Parts of O'Quinn car collection to be sold at RM auctions in MarchTue, 02 Feb 2010 00:00:00 -0800
Batches of cars from the extensive collection of Texas attorney John O’Quinn--one of the most impressive collections of classic sheetmetal since William Harrah’s--will cross the auction block this spring at a pair of RM Auction events.
O’Quinn, a noted attorney who died in a car crash last October, assembled a collection of at least 800 cars, and it could number as many as 1,300.
Fifty-five cars from the collection will be sold at the RM auction on March 13 at Amelia Island, Fla. Another 150 O’Quinn cars will cross the block March 26-28 at the RM event in Fort Lauderdale, the auction house said. Proceeds will go to the O’Quinn estate. Many of the cars will be sold at no reserve, RM president Ian Kelleher said.
The Amelia Island auction lineup will include a 1932 Duesenberg J Murphy convertible coupe, and a Pontiac Bonneville convertible that once belonged to country star Hank Williams Jr., dubbed the “Silver Dollar Car.” The Amelia Island cars are worth an estimated $8 million to $12 million.
Some of O’Quinn’s collection may also go on the block at the RM auction at Monterey, Calif., later this summer.
Despite choppy economic conditions, Kelleher expects the O’Quinn cars to perform well on the market.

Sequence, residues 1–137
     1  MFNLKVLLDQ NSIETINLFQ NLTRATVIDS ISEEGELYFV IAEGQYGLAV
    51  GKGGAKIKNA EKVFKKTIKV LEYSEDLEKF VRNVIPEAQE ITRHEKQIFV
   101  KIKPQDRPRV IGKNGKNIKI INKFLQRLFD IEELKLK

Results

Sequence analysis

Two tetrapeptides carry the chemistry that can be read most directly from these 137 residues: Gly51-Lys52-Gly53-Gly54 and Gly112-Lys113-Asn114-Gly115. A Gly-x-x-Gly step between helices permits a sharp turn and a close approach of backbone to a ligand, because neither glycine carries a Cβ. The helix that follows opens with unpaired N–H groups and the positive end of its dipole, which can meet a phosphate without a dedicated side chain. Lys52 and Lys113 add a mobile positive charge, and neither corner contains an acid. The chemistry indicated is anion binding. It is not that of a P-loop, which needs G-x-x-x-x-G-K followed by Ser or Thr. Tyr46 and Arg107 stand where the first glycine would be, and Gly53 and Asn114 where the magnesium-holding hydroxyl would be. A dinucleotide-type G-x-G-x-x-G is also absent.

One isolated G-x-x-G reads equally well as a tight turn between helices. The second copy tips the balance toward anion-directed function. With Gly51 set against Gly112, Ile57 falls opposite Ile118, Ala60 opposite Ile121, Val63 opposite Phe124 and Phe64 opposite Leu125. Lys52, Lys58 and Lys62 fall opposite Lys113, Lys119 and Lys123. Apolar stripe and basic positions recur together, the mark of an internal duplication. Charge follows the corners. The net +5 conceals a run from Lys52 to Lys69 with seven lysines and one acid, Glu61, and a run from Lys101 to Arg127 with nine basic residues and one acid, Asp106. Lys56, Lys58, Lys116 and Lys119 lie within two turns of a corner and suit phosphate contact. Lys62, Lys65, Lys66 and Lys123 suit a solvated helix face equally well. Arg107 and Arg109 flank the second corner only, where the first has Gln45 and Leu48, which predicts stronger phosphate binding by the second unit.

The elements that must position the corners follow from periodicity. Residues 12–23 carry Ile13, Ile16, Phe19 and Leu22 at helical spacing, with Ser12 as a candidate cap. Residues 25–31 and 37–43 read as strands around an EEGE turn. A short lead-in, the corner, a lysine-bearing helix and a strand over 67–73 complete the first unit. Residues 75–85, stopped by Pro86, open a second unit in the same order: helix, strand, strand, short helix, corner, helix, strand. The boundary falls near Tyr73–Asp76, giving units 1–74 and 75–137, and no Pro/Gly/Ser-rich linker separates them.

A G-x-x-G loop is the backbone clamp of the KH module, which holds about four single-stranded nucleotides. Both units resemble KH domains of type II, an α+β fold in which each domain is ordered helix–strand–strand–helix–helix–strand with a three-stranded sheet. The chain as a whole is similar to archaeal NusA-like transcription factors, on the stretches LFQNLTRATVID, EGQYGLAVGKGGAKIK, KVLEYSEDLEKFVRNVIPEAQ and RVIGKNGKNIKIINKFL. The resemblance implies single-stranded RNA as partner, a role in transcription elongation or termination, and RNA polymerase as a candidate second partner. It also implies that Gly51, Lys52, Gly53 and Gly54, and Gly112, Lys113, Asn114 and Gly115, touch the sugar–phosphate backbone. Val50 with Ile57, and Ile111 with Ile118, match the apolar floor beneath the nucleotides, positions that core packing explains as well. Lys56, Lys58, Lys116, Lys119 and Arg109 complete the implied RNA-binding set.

“They’ve been really perfectly taken care off,” he said. “They’re in excellent condition.”
O’Quinn’s collection is the most wide-ranging and significant since the trove assembled by casino mogul William Harrah. Among the cars in O’Quinn’s collection are the 1911 Rolls-Royce Silver Ghost used in the movie Titanic, a 1937 Bugatti Type 57 Atalante and a number of Duesenbergs.
Securing the rights to auction off some of O’Quinn’s collection is a major coup for RM.
“Obviously the large auction houses were all drooling at the mouth,” said Joe Bortz, a Highland Park, Ill., collector who had visited O’Quinn’s massive Texas facility where he housed his cars.
O’Quinn was a relative newcomer to car collecting, using his landmark victories in the courtroom to fund his passion for automobiles. His wins included a billion-dollar verdict against the producer of the diet drug fen-phen, a $17.3-billion verdict against tobacco companies, and a $100-million ruling against Dow Corning, maker of silicone breast implants.
By Greg Migliore